Sodium and Fluid Restriction
Sodium restriction for children with renal failure
A low-sodium diet or salt restriction may be used to help prevent or reduce fluid retention in your child's body. The amount of sodium or salt allowed in your child's diet depends on your child's medical condition. Your child's doctor or dietitian will determine the amount of sodium allowed in your child's diet. This is usually expressed in milligrams (mg) per day. Some common sodium restrictions include 2,000, 3,000, or 4,000 mg per day. With most sodium-restricted diets, high-sodium foods are limited and salt is not allowed in food preparation or at the table.
Foods high in sodium:
Canned foods (vegetables, meats, pasta meals)
Processed foods (meats such as bologna, pepperoni, salami, hot dogs, sausage)
Dried pasta and rice mixes
Soups (canned and dried)
Snack foods (chips, popcorn, pretzels, cheese puffs, salted nuts)
Dips, sauces, and salad dressings
Foods low in sodium:
Plain breads, cereals, rice and pasta
Vegetables and fruits (fresh or frozen)
Meats (fresh cuts; not processed meats)
Milk and yogurt (these tend to be moderate in sodium)
Beverages such as juices, tea, fruit drink/punch, and soda, sports drinks have sodium so these may need to be limited
The following low-sodium seasonings may be used more freely than those that are high in sodium:
The following seasonings are high in sodium, but can be used in limited amounts.
Limit to 1 tablespoon per meal:
Low-calorie salad dressing
How to reduce your child's salt intake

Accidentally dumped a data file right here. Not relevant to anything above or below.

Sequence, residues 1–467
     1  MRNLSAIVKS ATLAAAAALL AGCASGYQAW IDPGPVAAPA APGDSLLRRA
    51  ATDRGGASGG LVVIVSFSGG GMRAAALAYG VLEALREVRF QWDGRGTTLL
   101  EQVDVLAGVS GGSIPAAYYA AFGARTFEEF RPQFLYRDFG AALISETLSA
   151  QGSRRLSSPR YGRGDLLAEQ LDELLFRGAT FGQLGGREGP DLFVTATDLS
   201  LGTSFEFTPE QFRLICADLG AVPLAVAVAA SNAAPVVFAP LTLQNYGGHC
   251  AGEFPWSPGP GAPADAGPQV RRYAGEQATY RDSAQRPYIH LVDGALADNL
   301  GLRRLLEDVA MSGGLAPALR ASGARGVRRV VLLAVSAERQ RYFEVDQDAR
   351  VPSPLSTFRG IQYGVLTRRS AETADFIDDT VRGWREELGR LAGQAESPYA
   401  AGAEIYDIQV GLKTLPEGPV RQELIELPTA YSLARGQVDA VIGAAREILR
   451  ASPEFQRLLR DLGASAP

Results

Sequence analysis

The following recommendations may help to reduce the amount of salt in your child's diet:
Don't use salt in cooking or at the table.
Cook with herbs and spices or, if permitted by your child's doctor, use salt substitutes like Mrs. Dash, Nu-Salt, NoSalt, or Morton's Lite Salt.
Seasonings with the word "salt" in the name, like garlic salt, are high in sodium. When seasoning foods use fresh garlic or garlic powder, use onion powder instead of onion salt, and try celery seed rather than celery salt.
Eat home-prepared meals, using fresh ingredients, instead of canned, frozen, or packaged meals. When dining out, request dressings and sauces on the side. Ask the chef to hold the salt in food preparation.
Type of food
Foods to avoid
Milk, yogurt, cheese
Meat, fish, poultry
Starches, breads, cereals
Sample plan for 3,000 mg sodium restriction
Orange juice (1/2 cup)
Beef patty (3 oz)
Baked, breaded chicken strips, homemade (3 oz)
Oatmeal cookies (2)
Definitions for sodium claims on food labels
The food label reads
What this means
Less than 5 mg sodium per serving
Meets requirements for sodium-free
140 mg sodium or less per serving
Very low sodium
35 mg sodium or less per serving
At least 25 percent less sodium when compared to the same product without reduced sodium
Light in sodium
50 percent less sodium per serving when compared to foods with more than 40 calories per serving or more than 3 gm of fat per serving
Unsalted; no added salt; without added salt